Thornton v. North American Life Assurance Co.
(No.5) (1992), 17 C.H.R.R. D/481 (Ont. Board Inq.)>
In this case, the complainant alleged discrimination based on handicap as a result of an exclusion clause in a long-term disability plan offered by his employer. The exclusion clause in that plan prohibited employees from receiving long term disability benefits if the employee received care or treatment by a physician in the 90 day period prior to the date the insurance became effective. The complainant had visited his physician twice in the first 90 days of his employment in order to discuss his HIV positive status. Eleven months into his employment Mr. Thornton applied for long-term disability benefits because of an illness related to his HIV status.
The Board of Inquiry dismissed the complaint.
Ontario (Human Rights Comm.) v. North American Life Assurance Co.
In March 1995, the Ontario Divisional Court dismissed an appeal by the Ontario Human Rights Commission and Gary Thornton from the 1992 Board of Inquiry decision. The Divisional Court found no error in the Board of Inquiry’s interpretation of section 25(3)(a) and found that Mr. Thornton’s HIV status would have substantially increased the risk under the plan and that the rejection of his claim did not violate the Code (CHRR summary).
Limitation of benefits to the mentally disabled discriminatory
Gibbs v. Battlefords and Dist. Co-operative Ltd. (1996), 27 C.H.R.R. D/87 (S.C.C.)
The Supreme Court of Canada dismisses an appeal by Battlefords and District Co-operative Limited from a decision of the Saskatchewan Court of Appeal. The Court of Appeal upheld a Board of Inquiry ruling that the Co-operative discriminated against Betty-Lu Clara Gibbs on the ground of mental disability because of the terms of an employment-related insurance plan.
Ms. Gibbs is an employee of the Battlefords and District Co-operative Limited. She became disabled in 1987 as a result of a mental disorder and was unable to work. Ms. Gibbs used up her sick leave, and then was paid benefits under an insurance policy that was part of the benefit package provided to employees pursuant to their collective agreement.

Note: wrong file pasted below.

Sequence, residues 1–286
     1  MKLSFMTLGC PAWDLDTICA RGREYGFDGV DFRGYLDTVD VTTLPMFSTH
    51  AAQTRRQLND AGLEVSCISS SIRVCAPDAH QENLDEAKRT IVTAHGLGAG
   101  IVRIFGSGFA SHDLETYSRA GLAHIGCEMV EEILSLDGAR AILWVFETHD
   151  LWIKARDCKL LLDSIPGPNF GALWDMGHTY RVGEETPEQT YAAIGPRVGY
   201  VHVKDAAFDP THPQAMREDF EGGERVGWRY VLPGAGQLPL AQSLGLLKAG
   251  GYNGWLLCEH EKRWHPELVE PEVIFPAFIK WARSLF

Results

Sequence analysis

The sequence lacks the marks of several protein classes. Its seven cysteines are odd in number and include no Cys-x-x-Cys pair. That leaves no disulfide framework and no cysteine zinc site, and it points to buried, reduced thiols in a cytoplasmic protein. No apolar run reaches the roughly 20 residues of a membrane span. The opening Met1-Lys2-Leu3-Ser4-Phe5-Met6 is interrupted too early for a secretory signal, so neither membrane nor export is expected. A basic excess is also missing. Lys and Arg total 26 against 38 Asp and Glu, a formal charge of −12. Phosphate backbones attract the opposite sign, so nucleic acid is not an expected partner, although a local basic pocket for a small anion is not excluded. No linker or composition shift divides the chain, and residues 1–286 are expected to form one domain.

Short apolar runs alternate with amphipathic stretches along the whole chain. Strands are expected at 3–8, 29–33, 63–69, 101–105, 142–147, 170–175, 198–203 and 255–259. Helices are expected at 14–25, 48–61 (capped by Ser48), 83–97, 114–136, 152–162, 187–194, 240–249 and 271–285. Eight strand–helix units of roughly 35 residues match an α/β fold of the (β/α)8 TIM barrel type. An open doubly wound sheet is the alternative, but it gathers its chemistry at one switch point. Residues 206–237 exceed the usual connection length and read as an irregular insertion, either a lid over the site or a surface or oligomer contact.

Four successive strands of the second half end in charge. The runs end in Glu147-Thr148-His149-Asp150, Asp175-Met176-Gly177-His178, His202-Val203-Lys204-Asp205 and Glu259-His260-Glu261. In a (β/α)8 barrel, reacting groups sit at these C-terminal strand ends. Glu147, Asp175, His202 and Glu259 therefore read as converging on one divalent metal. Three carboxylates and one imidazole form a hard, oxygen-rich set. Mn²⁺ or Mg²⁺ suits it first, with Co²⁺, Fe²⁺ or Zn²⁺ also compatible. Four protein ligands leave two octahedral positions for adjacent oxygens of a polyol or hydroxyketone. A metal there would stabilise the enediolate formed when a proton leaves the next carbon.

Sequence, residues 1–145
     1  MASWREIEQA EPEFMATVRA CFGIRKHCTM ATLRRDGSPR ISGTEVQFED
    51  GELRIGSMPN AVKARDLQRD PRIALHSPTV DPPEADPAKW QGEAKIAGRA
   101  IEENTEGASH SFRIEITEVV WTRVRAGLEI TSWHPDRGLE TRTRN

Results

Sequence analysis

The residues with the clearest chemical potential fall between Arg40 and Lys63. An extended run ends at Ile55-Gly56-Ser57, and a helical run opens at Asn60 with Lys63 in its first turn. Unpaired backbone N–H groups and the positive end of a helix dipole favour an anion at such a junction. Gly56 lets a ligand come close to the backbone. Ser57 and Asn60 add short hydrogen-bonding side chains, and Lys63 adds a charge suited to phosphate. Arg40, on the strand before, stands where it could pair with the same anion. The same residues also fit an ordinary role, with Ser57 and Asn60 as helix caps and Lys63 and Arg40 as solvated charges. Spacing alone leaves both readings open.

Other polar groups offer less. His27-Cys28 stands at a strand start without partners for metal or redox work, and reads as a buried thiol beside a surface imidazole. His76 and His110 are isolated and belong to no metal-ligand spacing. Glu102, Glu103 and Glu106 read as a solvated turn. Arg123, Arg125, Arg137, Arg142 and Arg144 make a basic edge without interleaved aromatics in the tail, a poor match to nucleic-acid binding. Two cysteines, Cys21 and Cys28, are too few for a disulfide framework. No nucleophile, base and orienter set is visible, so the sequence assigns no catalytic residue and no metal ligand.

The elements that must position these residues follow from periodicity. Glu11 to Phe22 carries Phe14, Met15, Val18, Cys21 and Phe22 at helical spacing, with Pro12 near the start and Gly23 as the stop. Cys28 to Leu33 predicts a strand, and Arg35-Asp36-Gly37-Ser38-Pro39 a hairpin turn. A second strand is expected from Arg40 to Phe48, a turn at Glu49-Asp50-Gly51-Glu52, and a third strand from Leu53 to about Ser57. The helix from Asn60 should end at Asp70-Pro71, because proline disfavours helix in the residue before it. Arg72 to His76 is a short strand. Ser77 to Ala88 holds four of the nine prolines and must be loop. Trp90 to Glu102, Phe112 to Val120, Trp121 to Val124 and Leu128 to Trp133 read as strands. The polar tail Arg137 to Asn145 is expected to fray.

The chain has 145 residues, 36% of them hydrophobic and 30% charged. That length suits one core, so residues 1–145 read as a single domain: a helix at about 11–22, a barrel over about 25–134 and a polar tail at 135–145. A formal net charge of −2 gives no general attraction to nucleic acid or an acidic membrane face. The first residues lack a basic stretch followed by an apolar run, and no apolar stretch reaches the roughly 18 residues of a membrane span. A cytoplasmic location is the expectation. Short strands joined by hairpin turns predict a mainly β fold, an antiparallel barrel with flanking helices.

Under the terms of the policy, any employee who became unable to work was provided with replacement income for as long as the disability prevented the employee from working or until age 65. However, if the disability in question was a mental disability, the replacement income would terminate after two years, even if the person was unable to resume employment, unless the employee remained in a mental institution. Because of this provision, Ms. Gibbs’ insurance benefits were terminated in March 1990. Had her disability been physical in nature, the benefits would have continued until age 65 whether or not Ms. Gibbs was in an institution.
The issue in this appeal is: does the Co-operative’s disability plan, which places limitations on benefits for mental disability, but not for other kinds of disability, discriminate on the basis of disability contrary to s. 16(1) of The Saskatchewan Human Rights Subscriptions?